One third of €-denominated bonds have negative yields. 82% now yields less than 1%

 Read more

Further reading

Elsewhere on Friday,

- “The interesting question in Libor manipulation is whether it caused a net harm…”

- Varoufakis on a “new deal for Greece”.

- Buffy the eurocrisis.

- Goldman has said “that a high-level position with the investment bank had attracted applications from every official in the United States Treasury Department.” Read more

FirstFT (the 6am Cut)

You can sign up to receive the email here.

A US drone strike killed two western hostages in an al-Qaeda compound in the Pakistan-Afghanistan border region, the White House has confirmed.

Warren Weinstein, an American held by al-Qaeda since 2011, and Giovanni Lo Porto, an Italian national who had been hostage since 2012, were killed accidentally in the counter-terrorism operation in January. The disclosure that two hostages were killed in a US strike will raise fresh questions about the limits of such operations, and whether imperfect intelligence unnecessarily risks civilian lives. (FT and NYT$)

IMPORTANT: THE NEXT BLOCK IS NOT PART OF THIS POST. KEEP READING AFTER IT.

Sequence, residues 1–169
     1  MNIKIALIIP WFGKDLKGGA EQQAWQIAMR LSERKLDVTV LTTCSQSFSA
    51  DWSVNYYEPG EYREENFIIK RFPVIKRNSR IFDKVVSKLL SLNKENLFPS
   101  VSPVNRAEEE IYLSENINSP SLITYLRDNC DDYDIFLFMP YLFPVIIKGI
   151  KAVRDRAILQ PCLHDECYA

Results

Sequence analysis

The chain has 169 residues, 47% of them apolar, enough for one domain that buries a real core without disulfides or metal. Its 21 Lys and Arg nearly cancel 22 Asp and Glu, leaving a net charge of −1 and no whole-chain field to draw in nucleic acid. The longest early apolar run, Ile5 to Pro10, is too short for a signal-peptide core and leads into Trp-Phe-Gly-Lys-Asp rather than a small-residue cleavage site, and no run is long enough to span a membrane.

In the news Read more

The great Bonar caper

Are you an EM fund manager?

Do you live in London or New York?

Were you by any chance offered some of the $1.4bn of Bonar 2024 bonds issued by Argentina on Wednesday, bought by Deutsche Bank and BBVA on Thursday, and settling this Friday? Or maybe you’d like to buy these bonds in the near future.

Then congratulations. You might well also be buying yourself a ticket to the next exciting stage of the pari passu saga.

PS: this may now involve the holdouts personally hunting you down. Read more

Dear SRA, a problem solved?

Last year we wondered if the Solicitors Regulation Authority had contingency plans in place for the failure of a high volume personal injury legal business. Our question was prompted by the bombed out stock price for listed UK law group Quindell, share sales by the founder, and the failure of the company to generate cash.

However the Australian law group Slater & Gordon will now buy almost all of Quindell, assuming the SRA and Financial Conduct Authority approve. The personal injury giant created will be twice the size of its nearest UK competitor.

We took a close look at Slater & Gordon’s business here, but one further thing to note: for a company of its size it operates with very little cash on hand. Read more

Markets Live: Thursday, 23rd April, 2015

Live markets commentary from FT.com 

This is nuts, we’re watching the crash

Credit pricing, yeah?

From a rather good Bloomberg piece: